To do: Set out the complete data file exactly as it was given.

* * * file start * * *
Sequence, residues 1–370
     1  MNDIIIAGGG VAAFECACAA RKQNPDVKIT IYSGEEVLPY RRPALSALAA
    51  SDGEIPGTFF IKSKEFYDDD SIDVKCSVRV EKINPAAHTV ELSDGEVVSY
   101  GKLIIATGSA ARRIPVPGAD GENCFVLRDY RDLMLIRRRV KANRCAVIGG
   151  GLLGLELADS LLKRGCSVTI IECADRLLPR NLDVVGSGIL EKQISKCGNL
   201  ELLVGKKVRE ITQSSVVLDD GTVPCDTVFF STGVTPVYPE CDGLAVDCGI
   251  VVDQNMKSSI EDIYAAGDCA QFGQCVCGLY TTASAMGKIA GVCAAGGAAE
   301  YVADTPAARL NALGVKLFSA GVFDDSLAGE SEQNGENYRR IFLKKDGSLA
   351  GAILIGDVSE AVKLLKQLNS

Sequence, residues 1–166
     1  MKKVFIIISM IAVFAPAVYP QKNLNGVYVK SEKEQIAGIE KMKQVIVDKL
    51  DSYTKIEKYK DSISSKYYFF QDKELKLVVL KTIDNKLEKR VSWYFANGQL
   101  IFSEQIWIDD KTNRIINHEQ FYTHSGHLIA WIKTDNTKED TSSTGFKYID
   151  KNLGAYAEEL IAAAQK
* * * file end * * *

Sequence, residues 1–370
     1  MNDIIIAGGG VAAFECACAA RKQNPDVKIT IYSGEEVLPY RRPALSALAA
    51  SDGEIPGTFF IKSKEFYDDD SIDVKCSVRV EKINPAAHTV ELSDGEVVSY
   101  GKLIIATGSA ARRIPVPGAD GENCFVLRDY RDLMLIRRRV KANRCAVIGG
   151  GLLGLELADS LLKRGCSVTI IECADRLLPR NLDVVGSGIL EKQISKCGNL
   201  ELLVGKKVRE ITQSSVVLDD GTVPCDTVFF STGVTPVYPE CDGLAVDCGI
   251  VVDQNMKSSI EDIYAAGDCA QFGQCVCGLY TTASAMGKIA GVCAAGGAAE
   301  YVADTPAARL NALGVKLFSA GVFDDSLAGE SEQNGENYRR IFLKKDGSLA
   351  GAILIGDVSE AVKLLKQLNS

Sequence, residues 1–166
     1  MKKVFIIISM IAVFAPAVYP QKNLNGVYVK SEKEQIAGIE KMKQVIVDKL
    51  DSYTKIEKYK DSISSKYYFF QDKELKLVVL KTIDNKLEKR VSWYFANGQL
   101  IFSEQIWIDD KTNRIINHEQ FYTHSGHLIA WIKTDNTKED TSSTGFKYID
   151  KNLGAYAEEL IAAAQK